Home Business News Ipsos: More support junior doctors striking than they do for railway industrial action

Ipsos: More support junior doctors striking than they do for railway industrial action

by LLB staff reporter
2nd Sep 23 7:50 am

On Friday evening junior doctors voted to approve new dates of strike action, establishing 20 September as the first joint strikes by junior doctors and consultants in NHS history unless agreements are reached before then.

Junior doctors retain support by half of the public (53%), while 3 in 10 oppose (31%). By contrast, the share of Britons who oppose strike action for strike action by consultants (44%) is higher than that which support (38%), with levels in line with those seen railway workers, who are due to strike this upcoming weekend (36% support, 43% oppose).

In line with previous months, the workers who continue to have the highest support are nurses (63% support, 24% oppose) and ambulance workers (60% support, 26% oppose).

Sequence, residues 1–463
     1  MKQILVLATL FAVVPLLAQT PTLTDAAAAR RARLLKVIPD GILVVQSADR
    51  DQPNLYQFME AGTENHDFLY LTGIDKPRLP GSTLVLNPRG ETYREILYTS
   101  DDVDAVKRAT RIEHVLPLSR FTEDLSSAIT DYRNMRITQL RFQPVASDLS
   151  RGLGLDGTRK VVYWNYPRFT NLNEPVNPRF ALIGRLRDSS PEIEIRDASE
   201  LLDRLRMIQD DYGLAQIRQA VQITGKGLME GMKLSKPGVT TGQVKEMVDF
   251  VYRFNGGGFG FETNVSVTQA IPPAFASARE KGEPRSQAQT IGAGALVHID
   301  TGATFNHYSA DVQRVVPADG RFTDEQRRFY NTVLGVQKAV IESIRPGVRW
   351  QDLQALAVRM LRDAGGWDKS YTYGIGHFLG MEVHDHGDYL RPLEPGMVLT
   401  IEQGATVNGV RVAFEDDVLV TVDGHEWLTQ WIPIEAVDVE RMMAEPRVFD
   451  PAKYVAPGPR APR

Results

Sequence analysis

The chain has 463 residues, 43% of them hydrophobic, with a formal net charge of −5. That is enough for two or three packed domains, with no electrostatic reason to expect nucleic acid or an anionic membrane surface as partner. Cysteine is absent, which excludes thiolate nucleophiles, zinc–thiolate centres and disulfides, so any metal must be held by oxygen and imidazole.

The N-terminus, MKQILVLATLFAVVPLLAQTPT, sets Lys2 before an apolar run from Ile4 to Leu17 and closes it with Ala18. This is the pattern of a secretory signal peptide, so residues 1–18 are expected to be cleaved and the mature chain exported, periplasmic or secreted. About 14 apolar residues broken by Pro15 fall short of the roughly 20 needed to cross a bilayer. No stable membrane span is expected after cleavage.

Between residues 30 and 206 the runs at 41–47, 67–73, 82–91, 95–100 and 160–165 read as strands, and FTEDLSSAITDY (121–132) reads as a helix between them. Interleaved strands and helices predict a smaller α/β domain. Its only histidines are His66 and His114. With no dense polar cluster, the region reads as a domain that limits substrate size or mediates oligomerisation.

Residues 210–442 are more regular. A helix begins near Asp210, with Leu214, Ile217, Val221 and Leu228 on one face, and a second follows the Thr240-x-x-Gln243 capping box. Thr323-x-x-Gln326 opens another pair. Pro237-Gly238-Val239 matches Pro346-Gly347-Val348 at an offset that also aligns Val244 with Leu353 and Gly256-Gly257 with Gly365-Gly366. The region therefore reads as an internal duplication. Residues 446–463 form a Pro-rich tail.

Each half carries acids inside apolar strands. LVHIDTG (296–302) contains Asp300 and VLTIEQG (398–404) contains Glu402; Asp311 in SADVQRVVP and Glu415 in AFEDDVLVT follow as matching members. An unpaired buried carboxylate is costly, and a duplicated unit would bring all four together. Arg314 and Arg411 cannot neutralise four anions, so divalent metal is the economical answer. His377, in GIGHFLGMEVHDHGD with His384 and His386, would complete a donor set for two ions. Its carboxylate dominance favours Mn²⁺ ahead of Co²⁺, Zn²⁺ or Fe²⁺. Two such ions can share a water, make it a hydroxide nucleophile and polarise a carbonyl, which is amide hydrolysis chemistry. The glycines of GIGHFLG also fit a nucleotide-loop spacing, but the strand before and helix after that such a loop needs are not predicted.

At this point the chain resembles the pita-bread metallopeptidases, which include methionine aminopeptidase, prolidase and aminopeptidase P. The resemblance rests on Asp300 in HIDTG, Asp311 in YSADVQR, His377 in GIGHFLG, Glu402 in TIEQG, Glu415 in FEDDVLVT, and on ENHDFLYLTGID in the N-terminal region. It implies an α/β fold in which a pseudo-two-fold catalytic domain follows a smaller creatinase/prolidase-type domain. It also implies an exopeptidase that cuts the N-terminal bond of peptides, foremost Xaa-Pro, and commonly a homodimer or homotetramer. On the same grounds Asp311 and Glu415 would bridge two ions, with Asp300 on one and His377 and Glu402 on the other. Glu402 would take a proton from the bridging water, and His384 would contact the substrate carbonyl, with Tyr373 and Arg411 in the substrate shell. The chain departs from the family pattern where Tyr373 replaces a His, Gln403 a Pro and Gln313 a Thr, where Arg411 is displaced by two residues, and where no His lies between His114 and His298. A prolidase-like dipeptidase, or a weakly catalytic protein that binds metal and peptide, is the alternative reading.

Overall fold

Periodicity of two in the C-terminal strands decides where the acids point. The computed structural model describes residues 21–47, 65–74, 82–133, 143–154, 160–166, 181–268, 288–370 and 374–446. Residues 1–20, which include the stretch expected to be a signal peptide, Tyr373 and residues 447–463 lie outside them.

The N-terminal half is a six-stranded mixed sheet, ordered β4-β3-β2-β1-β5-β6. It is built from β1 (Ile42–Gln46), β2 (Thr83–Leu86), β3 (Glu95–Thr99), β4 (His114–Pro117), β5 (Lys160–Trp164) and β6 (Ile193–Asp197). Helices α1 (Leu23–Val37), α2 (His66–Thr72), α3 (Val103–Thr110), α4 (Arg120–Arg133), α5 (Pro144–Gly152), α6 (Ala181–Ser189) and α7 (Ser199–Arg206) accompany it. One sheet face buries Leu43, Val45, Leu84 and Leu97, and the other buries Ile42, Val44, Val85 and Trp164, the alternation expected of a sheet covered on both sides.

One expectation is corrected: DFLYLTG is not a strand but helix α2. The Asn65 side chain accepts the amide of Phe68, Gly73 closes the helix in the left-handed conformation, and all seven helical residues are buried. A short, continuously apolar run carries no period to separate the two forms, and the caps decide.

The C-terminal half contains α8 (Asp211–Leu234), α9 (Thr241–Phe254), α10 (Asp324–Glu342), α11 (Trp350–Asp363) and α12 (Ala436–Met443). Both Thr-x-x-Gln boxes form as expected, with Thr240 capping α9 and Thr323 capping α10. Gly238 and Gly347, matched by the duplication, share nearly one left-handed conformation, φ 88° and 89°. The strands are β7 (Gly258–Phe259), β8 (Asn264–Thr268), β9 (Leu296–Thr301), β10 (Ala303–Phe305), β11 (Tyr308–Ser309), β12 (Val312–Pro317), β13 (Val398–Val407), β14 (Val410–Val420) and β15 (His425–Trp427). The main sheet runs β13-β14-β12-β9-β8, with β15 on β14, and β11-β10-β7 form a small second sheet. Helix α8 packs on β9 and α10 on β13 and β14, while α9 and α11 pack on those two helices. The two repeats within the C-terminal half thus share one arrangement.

Just under half of the public think employers hold too much power in Britain today (45%). A further 3 in 10 (31%) think they hold the right amount, with 13% thinking they hold too little. By contrast, more than half of Britons (57%) think workers hold too little power, compared to just 9% who think they hold too much. Even so, the public is divided as to whether trade unions hold too much power (32%), too little power (28%), or the right amount of power (26%).

The majority of the public continue to feel that the UK government led by Rishi Sunak is doing a bad job negotiating with trade unions to prevent public sector workers going on strike (57%), a 6ppt increase compared to June 2023. By contrast, only 17% think he’s doing a good job. Confidence in any improvement under a Labour government led by Keir Starmer, however, remains middling, with 3 in 10 (31%) expecting he would do a better job, and an equal share (34%) thinking there would be no change. 1 in 5 (21%) think he would do a worse job.

Gideon Skinner, Head of Political Research, Ipsos UK said, “Britain continues to face strike action as we enter the Autumn, and there is continuity in public attitudes towards them too.

The strikes by railway workers and consultant doctors divide opinion, with opposition tending to outweigh support, but there is more sympathy for other striking NHS workers such as junior doctors. There is much less sympathy for the government, who most Britons – and over 4 in 10 of their own 2019 voters – think is doing a bad job at handling the negotiations to put an end to these public sector strikes.

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